It seems that the Snowden saga may exert a profound impact upon diplomatic relations at the global level. In yet another bombshell, Snowden disclosed sensitive NSA files relating to Brazil. Despite outrage, however, reaction within the Rousseff administration has been decidedly muted.
Amidst new revelations of U.S. spying in Latin America and ongoing diplomatic tensions over the asylum efforts of Edward Snowden, Democracy Now! speaks with Ecuadorean Foreign Minister Ricardo Patiño.
Perhaps, news of the NSA spying operation will even increase public support for Snowden in Central and South America, thus raising the possibility that the rogue NSA whistle-blower might wind up receiving diplomatic refuge in the region after all.
In addition to the importance of adhering to the rule of law -- not a small thing in its own right -- there are other good reasons to cut off U.S. aid to Egypt.
A Snowden accompaniment flotilla of prominent and peace-loving Americans could assemble at the Moscow airport, and fly together from Moscow to Caracas. Snowden could fly from Moscow to Caracas under the protection of our company, like the Fellowship of the Ring.
For more than a century, Latin America has lured travelers in search of real adventure: crossing craggy peaks and dense jungles, or rafting mighty riv...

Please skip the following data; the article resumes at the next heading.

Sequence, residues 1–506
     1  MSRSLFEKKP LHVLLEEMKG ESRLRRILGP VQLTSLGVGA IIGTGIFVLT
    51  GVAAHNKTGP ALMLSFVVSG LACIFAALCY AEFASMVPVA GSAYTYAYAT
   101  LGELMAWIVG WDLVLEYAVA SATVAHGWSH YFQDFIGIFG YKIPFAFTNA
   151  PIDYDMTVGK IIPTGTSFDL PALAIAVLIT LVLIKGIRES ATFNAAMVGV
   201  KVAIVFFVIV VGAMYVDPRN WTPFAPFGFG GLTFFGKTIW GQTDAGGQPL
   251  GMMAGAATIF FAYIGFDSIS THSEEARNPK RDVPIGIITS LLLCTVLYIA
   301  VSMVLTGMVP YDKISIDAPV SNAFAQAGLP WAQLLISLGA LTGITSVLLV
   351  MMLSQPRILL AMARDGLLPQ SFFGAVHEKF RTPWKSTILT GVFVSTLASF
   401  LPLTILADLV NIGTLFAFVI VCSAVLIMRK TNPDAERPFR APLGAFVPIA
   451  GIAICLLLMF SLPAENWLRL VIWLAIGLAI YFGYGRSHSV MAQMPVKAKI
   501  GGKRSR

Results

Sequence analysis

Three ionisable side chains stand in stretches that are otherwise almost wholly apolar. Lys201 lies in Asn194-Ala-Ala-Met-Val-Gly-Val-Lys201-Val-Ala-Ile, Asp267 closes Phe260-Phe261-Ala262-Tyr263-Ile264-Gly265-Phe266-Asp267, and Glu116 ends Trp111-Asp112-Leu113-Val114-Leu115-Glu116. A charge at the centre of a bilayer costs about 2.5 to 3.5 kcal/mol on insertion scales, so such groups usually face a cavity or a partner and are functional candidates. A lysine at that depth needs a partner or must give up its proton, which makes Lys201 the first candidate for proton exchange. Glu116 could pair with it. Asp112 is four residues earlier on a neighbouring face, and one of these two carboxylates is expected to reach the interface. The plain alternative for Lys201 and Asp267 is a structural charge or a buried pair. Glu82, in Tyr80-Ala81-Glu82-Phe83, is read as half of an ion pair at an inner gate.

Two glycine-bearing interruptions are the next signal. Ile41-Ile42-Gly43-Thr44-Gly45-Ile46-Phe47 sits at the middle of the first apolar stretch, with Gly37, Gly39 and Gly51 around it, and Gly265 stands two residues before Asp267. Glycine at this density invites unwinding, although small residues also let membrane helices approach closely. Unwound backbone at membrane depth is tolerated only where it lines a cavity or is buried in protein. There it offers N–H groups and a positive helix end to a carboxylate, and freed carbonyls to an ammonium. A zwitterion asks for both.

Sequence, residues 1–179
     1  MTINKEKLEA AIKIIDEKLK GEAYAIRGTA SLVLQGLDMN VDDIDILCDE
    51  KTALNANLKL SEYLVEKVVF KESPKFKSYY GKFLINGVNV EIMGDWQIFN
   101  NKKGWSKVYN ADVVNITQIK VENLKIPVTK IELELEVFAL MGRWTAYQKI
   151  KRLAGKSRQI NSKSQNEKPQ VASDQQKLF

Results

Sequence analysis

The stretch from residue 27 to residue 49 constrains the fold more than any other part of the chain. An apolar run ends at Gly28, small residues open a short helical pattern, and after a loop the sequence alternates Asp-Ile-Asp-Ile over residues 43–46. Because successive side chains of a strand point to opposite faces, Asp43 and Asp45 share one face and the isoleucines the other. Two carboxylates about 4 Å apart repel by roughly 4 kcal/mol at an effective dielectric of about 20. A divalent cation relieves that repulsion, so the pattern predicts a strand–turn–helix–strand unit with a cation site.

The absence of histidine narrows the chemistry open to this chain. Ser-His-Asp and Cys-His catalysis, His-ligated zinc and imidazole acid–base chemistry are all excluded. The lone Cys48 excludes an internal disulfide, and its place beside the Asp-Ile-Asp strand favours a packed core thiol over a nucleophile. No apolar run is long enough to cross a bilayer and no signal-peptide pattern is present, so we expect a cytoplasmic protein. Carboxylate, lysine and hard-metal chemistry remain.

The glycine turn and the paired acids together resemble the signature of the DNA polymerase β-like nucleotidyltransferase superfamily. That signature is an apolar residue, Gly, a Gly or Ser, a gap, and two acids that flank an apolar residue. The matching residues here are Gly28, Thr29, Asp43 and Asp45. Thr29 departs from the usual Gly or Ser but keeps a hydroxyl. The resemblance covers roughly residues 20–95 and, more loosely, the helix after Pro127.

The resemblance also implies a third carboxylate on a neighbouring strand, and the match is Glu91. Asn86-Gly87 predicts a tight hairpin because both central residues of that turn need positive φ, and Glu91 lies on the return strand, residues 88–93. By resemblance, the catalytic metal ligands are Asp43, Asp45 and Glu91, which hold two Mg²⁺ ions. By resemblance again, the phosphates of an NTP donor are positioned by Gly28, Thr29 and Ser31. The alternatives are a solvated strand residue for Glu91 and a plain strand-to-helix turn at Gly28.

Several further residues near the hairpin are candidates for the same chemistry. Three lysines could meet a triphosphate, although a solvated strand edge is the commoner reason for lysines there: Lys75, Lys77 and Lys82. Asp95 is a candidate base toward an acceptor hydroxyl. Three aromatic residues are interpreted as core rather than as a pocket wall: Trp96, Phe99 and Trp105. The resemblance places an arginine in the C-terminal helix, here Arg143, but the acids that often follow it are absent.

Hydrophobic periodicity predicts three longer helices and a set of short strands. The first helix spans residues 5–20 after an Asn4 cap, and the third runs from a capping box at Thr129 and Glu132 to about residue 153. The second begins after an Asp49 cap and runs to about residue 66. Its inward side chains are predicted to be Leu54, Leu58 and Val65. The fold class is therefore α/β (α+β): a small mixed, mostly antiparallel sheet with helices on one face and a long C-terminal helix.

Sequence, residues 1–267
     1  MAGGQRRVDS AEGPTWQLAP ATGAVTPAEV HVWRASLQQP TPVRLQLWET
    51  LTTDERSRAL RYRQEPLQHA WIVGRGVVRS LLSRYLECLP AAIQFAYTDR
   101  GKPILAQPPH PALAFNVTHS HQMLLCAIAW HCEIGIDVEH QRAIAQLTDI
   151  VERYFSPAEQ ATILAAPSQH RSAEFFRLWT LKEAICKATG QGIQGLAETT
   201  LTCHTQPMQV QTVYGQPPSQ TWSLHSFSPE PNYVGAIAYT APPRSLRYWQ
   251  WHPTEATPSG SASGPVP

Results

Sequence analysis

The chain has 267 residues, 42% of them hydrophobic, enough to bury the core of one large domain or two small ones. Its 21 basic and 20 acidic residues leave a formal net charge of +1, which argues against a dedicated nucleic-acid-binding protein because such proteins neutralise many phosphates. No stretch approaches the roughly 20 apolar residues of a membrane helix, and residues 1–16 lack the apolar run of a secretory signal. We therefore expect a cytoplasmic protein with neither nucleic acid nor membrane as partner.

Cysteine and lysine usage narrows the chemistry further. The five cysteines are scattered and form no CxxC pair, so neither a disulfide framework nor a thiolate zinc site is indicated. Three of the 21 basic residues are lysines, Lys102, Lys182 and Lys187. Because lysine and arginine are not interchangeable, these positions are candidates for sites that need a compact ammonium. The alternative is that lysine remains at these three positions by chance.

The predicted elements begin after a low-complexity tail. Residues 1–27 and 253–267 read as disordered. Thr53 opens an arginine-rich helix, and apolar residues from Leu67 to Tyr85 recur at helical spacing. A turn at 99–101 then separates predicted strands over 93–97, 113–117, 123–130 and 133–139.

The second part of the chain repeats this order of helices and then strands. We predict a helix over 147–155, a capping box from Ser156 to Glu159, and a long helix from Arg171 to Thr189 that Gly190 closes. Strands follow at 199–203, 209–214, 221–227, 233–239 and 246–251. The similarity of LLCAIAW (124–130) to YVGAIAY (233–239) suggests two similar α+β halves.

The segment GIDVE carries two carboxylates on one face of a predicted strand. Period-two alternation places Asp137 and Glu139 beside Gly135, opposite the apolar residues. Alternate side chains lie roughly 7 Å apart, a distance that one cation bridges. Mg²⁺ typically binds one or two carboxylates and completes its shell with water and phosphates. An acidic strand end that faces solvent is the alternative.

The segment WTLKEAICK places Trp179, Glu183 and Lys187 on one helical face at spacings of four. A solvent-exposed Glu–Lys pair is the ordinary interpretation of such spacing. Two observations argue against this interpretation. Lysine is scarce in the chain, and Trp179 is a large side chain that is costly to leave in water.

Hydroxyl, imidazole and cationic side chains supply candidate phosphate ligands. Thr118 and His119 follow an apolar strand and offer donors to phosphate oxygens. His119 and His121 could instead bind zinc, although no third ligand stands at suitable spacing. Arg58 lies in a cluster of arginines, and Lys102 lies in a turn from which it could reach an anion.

If Obama's underlying objective was to intimidate Latin American nations over the Snowden affair, his strategy has colossally backfired. Indeed, much to the chagrin of the White House, Latin nations have rallied to Snowden's defense.
Much to the chagrin of the Obama administration, the unlikely Evo Morales incident has made Washington look like an international bully. In Germany, there are growing calls to assist Snowden, and meanwhile, South America may prove more receptive to the young whistleblower.
One of the defining elements of a democracy is a system of checks and balances. In countries like Honduras, this system unfortunately is manipulated by the segment of the society that is wealthy and privileged. This has to change.
Is Edward Snowden really stuck in transit at the Moscow airport? The Obama administration is desperately trying to track down Snowden. Can you blame...
Where do we draw the line on surveillance? Or will we draw no line at all, using 9/11 as the rationale for an era of ubiquitous surveillance of all, demonstrable friend and potential foe alike?
It is time for the American filmmaking community to take a stand and demand Tim Tracy's release.
I just returned from Venezuela this week where I was observing the post-election audit of the vote count at the invitation of the CNE (the National Electoral Council). The audit, known as the Citizens' Verification process, is impressive in its scope and thoroughness.
Many hope an agreement on the TPP will provide a much-needed boost to a still prostrate global economy, but what is being widely hailed as profound progress in the evolution of trade integration globally is having the opposite effect in Latin America.
Now that Venezuela's larger-than-life Hugo Chávez has vanished from the political landscape, what does the future hold for South America?
Update: Venezuelan government agrees to expand audit of votes to 100 percent of all votes cast The United States is refusing to recognize the resul...